Across the country, centrist Republicans are under pressure to buck their party's hard-line stance on deportations and give "Dreamers" a path to citizenship.
"The prospects for immigration legislation, big or small, are very, very bleak," concedes the director of one immigrants' rights group in the wake of the Florida school massacre.
The justices decline to intervene in the controversy over protections for hundreds of thousands of young immigrants. For now, the program continues.
He is one of thousands of U.S. residents whose ability to continue living in the communities that long ago became their homes is threatened by the elimination of DACA.
Congress remains gridlocked on the issue, despite President Trump’s demand for substantial changes by March 5.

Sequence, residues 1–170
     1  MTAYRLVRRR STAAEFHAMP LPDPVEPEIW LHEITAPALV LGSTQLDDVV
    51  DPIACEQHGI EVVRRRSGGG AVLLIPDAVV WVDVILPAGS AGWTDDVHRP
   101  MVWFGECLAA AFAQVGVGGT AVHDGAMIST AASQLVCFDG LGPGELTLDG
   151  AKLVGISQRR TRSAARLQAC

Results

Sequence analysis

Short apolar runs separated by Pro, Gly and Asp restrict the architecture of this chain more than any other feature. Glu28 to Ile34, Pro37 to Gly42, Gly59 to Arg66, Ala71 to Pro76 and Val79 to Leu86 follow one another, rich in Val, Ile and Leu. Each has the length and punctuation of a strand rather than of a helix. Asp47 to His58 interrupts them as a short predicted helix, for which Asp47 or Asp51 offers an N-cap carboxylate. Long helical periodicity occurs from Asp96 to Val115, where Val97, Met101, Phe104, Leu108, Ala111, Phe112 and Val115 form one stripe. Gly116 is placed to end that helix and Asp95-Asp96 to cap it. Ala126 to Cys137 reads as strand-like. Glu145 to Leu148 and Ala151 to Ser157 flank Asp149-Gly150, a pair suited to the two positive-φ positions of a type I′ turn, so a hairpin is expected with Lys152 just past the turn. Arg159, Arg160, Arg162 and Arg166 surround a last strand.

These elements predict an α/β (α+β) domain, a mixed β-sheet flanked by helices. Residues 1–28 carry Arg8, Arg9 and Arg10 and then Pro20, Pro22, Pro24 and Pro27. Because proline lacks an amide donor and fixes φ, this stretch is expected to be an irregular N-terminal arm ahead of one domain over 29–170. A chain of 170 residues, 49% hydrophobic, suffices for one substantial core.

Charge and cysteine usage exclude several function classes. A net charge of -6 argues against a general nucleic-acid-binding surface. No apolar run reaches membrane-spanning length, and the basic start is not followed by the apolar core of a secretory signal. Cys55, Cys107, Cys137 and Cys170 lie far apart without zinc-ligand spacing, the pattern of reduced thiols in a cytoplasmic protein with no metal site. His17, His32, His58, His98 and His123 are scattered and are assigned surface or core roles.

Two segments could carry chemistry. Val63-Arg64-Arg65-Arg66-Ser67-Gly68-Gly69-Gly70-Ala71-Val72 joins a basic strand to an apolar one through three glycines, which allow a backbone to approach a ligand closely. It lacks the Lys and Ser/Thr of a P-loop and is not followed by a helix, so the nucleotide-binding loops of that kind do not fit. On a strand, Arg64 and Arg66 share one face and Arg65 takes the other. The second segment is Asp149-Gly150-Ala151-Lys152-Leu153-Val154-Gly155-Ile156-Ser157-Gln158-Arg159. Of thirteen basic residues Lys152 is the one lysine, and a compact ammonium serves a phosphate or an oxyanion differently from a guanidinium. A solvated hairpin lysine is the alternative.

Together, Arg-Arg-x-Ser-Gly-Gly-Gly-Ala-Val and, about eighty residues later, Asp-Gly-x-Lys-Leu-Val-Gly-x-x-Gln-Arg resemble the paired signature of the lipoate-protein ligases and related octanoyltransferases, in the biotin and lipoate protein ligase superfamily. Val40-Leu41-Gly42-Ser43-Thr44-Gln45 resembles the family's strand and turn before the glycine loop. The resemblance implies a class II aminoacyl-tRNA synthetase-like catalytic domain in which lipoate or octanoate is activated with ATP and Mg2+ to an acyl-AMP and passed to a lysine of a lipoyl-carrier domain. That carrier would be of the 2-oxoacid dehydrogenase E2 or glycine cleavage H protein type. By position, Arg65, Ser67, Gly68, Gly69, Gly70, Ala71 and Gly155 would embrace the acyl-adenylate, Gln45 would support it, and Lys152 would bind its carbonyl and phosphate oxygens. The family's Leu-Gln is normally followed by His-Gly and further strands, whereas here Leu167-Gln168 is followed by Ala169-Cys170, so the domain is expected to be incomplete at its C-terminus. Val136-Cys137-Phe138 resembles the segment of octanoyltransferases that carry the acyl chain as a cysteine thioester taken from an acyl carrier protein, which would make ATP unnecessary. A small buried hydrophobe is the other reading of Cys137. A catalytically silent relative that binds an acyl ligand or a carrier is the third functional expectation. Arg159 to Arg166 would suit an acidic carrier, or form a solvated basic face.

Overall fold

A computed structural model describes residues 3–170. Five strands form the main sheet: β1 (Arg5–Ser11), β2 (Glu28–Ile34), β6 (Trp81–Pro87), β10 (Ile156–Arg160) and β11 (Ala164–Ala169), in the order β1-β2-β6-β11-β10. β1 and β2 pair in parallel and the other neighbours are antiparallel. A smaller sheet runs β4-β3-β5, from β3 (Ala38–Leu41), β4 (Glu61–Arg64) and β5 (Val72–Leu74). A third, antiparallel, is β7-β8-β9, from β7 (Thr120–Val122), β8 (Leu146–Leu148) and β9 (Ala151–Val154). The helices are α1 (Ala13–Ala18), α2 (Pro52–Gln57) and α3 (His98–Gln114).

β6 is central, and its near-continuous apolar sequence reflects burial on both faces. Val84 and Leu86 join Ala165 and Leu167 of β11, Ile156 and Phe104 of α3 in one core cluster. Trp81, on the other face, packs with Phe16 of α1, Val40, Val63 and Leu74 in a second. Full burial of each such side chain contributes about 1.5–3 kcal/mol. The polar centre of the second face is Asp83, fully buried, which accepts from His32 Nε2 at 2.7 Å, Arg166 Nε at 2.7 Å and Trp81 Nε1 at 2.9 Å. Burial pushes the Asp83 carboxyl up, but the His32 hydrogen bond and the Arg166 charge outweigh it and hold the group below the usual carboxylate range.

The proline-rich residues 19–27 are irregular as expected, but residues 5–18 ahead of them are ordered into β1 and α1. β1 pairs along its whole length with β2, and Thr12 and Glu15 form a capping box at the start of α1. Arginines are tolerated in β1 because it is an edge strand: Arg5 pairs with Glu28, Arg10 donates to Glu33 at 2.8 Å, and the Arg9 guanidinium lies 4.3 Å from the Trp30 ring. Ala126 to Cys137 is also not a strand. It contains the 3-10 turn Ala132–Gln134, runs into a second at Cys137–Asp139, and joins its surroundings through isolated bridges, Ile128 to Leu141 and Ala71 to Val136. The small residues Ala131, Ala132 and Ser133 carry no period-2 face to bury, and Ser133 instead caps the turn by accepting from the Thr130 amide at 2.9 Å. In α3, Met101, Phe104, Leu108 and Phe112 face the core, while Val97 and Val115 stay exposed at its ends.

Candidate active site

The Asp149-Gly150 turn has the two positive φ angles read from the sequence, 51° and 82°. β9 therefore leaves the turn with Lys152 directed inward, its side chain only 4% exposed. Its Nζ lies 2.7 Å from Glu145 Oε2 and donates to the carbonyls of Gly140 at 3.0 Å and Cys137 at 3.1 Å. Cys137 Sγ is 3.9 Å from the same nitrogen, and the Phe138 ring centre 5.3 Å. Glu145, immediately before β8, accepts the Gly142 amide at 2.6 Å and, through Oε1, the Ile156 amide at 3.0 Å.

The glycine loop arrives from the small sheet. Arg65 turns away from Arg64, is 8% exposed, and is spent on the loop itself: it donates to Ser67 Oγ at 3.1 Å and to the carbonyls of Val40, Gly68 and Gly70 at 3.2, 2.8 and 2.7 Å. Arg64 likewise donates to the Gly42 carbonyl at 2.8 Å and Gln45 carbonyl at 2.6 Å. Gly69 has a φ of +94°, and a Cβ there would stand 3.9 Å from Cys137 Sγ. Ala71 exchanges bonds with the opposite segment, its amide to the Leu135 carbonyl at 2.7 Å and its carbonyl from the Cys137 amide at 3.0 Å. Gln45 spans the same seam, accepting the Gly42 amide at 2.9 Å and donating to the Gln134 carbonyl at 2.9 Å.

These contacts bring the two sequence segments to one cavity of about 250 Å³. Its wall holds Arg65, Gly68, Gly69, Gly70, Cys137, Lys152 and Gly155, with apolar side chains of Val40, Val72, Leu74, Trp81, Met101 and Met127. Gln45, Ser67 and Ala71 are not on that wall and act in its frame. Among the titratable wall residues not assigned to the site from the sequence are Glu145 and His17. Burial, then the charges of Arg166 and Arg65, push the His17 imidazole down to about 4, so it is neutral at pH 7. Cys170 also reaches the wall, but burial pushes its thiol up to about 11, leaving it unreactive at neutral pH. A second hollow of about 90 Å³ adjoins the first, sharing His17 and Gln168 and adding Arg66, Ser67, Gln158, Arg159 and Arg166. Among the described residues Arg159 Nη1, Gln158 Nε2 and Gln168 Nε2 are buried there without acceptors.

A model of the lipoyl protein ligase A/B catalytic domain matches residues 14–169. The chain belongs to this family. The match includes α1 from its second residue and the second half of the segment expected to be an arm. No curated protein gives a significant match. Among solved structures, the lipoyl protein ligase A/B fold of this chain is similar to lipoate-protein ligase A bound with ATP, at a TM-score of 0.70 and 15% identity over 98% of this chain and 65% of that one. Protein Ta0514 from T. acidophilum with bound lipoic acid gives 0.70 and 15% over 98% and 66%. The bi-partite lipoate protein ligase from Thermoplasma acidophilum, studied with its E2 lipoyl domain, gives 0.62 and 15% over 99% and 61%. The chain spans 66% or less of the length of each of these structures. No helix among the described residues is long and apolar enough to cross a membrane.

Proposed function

“It’s going to happen, at some point in the future, over a period of 10 to 12 years,” the president tells reporters.
Another government shutdown looms, and while racism will remain the unspoken subtext to the "Dreamer" issue, the fight is likely to be longer and more vicious.
Jorge Garcia is too old to qualify for the Deferred Action for Childhood Arrivals (DACA) program. His deportation is a heart-wrenching example of the Trump administration's immigration policies in action.